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Do farmers and scientists differ in their understanding and assessment of farm animal welfare?

Published online by Cambridge University Press:  01 January 2023

C Hubbard*
School of Agriculture, Food and Rural Development, Newcastle University, Newcastle-upon-Tyne NE1 7RU, UK
K Scott
School of Agriculture, Food and Rural Development, Newcastle University, Newcastle-upon-Tyne NE1 7RU, UK
* Contact for correspondence and requests for reprints:


In response to an increased public awareness regarding how livestock are reared, animal welfare scientists have attempted to develop new methods of welfare assessment at the farm level. Furthermore, in recent years they have increasingly moved away from the conventional approach of evaluating the provision of resources necessary to ensure good welfare, and have instead focused on the use of animal-based measures of welfare. In contrast, it is believed that farmers use mostly resource-based and management-based measures (eg the provision of food, water and housing) when assessing the welfare of their animals. They also seem to be driven more by economic and financial concerns than by the welfare of the animals per se, when it comes to the provision of animal welfare. Different approaches to the definition and assessment of farm animal welfare were explored in work carried out at Newcastle University as part of the Welfare Quality® project by both social and welfare scientists. Social scientists explored farmers’ perceptions and understanding of animal welfare, whilst welfare scientists developed animal-based measures of welfare for use in a prototype on-farm welfare monitoring system. Based on two separate surveys, this paper focuses on UK farmers’ perception and understanding of animal welfare and their criteria of assessment in contrast with those employed by welfare scientists, using a specific case study of pigs. Results show that, despite scientists being unaware of the findings from the farmer survey, they produced a set of measures to assess welfare which were very similar to those used by farmers. However, ‘instinctive’ terms used by farmers to describe (positive or negative) animal behaviour did not bear any relation to more objective welfare measures. Compared with conventional monitoring systems which focus more on the provision of resources to promote good welfare than on the animal itself, the prototype monitoring system may be more acceptable to farmers given that it uses similar animal-based measures to assess welfare to those they use themselves, and furthermore, the focus is on the animal.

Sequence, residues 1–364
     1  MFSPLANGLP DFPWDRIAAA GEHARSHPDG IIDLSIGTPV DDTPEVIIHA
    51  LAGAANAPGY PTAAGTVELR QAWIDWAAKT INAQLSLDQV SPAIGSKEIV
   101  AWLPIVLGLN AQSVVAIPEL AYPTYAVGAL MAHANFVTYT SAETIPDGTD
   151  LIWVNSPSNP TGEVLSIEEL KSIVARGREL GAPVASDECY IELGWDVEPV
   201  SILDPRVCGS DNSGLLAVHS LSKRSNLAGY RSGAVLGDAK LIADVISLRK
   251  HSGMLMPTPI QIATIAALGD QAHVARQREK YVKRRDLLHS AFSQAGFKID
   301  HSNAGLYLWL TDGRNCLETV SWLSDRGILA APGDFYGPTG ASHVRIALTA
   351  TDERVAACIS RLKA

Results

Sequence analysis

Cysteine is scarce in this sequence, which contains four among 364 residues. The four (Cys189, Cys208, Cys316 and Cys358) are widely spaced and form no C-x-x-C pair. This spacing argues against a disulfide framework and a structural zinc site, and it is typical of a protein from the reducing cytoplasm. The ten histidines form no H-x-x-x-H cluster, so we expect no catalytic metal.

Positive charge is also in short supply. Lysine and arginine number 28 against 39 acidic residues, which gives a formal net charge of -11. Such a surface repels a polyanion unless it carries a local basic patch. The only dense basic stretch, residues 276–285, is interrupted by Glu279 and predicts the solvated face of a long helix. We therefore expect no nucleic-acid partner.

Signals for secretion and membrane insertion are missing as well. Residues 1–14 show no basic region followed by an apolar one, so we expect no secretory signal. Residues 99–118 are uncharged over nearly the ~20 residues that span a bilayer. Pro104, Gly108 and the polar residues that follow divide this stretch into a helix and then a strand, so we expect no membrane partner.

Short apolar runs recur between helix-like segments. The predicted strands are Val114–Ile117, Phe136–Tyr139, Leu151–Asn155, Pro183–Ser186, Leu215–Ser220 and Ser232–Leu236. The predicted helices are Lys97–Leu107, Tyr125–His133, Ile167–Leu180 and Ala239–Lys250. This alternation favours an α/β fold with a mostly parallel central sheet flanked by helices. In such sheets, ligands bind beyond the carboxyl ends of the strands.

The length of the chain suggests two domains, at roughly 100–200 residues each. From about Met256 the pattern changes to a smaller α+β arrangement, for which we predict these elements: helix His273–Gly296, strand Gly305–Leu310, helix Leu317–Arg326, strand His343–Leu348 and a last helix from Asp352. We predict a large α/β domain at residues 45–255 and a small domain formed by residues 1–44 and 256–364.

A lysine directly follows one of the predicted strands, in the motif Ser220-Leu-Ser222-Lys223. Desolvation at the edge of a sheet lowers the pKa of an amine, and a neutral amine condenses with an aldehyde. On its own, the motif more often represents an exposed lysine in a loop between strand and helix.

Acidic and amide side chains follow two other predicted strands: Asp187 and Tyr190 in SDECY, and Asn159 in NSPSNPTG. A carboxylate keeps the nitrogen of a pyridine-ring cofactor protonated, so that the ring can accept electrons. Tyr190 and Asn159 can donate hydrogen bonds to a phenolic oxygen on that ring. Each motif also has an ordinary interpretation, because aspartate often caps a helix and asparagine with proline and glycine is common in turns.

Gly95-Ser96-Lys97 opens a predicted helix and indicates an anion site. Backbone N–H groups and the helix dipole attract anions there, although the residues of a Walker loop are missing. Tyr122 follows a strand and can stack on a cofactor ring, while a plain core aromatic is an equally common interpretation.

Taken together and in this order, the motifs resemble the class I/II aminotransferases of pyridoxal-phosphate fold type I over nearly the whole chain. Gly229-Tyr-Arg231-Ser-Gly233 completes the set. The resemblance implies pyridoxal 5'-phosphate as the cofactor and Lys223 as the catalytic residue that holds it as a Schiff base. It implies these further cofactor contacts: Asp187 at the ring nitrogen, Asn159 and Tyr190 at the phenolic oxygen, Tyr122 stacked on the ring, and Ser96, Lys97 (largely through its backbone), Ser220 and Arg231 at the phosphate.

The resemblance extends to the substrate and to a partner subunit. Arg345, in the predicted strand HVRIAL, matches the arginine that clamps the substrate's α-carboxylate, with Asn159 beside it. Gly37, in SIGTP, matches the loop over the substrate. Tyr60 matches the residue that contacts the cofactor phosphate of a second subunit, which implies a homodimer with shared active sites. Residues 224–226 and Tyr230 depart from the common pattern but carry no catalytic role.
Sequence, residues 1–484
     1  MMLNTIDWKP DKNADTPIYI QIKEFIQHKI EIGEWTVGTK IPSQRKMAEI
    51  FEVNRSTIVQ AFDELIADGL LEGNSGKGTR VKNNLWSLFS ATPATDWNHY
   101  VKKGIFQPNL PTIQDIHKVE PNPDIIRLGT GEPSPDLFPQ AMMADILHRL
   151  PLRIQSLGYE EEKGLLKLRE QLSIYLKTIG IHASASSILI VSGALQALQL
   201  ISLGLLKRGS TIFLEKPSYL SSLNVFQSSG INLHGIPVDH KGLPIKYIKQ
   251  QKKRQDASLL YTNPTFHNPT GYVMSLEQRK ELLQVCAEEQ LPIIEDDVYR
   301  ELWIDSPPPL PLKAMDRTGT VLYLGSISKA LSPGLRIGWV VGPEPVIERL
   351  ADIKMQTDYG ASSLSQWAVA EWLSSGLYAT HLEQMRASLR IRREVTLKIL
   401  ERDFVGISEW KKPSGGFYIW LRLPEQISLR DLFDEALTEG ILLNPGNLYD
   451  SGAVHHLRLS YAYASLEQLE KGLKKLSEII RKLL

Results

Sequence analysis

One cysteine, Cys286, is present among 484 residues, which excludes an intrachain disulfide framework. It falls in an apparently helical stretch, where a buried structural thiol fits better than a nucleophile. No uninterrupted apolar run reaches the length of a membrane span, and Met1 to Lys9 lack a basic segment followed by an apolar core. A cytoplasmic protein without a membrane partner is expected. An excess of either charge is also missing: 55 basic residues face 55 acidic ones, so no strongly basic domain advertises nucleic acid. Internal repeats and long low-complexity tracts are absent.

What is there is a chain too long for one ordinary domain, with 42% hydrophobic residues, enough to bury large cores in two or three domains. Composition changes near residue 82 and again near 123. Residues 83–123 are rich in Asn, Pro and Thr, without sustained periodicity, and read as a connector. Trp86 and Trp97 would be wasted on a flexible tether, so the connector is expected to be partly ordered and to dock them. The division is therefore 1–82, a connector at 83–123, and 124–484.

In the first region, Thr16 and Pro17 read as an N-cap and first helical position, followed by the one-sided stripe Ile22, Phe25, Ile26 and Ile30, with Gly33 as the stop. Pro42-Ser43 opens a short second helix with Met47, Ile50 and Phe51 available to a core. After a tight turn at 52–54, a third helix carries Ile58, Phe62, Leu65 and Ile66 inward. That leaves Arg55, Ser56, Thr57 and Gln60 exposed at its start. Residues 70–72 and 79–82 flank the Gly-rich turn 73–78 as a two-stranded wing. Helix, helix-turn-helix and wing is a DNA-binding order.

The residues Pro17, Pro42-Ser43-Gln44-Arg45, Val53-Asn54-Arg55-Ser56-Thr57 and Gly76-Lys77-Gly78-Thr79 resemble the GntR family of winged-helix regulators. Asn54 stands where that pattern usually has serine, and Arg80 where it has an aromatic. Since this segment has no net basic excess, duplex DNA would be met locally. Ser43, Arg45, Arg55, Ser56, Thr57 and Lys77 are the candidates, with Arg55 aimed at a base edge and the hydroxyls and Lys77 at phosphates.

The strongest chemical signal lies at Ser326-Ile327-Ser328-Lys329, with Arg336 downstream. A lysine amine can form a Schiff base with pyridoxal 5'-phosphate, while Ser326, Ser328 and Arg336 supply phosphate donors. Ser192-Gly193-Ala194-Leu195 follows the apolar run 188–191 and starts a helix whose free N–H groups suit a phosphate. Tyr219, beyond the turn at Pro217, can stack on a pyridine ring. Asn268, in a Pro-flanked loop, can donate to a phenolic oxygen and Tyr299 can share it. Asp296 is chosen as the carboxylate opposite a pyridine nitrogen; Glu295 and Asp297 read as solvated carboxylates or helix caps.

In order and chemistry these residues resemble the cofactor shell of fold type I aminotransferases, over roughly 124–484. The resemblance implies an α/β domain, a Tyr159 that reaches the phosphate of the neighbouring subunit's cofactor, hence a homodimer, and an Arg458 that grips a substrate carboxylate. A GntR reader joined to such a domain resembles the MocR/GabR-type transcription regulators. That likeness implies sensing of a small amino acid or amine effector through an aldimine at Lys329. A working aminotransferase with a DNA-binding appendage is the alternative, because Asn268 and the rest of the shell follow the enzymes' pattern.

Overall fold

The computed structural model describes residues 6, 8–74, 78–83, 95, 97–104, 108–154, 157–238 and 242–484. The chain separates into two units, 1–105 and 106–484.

Research Article
© 2011 Universities Federation for Animal Welfare

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